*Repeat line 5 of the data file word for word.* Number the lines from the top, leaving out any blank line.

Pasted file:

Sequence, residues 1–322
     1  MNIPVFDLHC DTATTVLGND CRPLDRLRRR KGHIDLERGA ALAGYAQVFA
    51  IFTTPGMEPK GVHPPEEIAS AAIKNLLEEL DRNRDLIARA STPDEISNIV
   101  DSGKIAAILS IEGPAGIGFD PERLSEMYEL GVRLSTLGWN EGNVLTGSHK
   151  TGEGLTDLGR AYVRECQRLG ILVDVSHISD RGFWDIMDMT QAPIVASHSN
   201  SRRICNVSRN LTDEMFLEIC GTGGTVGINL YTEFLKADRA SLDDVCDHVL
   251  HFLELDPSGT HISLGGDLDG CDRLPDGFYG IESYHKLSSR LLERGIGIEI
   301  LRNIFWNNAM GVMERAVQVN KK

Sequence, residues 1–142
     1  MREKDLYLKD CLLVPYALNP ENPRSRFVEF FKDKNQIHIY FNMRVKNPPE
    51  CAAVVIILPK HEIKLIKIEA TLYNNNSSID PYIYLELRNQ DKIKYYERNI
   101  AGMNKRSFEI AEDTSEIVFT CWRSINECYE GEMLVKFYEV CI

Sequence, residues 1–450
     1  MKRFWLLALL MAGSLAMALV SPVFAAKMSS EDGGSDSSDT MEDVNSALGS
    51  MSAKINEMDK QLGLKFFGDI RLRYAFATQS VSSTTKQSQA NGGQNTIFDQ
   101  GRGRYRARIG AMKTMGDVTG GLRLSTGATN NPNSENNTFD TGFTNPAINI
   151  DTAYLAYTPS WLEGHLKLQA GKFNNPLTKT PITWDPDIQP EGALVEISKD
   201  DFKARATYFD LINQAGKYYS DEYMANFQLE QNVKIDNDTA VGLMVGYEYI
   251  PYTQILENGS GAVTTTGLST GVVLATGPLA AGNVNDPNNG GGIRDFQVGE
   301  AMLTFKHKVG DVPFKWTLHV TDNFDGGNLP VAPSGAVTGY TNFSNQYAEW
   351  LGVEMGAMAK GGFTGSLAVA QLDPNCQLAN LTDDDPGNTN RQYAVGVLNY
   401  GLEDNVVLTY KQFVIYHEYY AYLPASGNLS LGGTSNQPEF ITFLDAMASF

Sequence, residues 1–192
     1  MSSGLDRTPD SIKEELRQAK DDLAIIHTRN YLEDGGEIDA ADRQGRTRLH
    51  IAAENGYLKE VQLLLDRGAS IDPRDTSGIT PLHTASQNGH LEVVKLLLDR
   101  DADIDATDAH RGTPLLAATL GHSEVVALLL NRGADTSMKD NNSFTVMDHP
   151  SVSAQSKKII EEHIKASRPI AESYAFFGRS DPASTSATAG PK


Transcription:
   151  TGEGLTDLGR AYVRECQRLG ILVDVSHISD RGFWDIMDMT QAPIVASHSN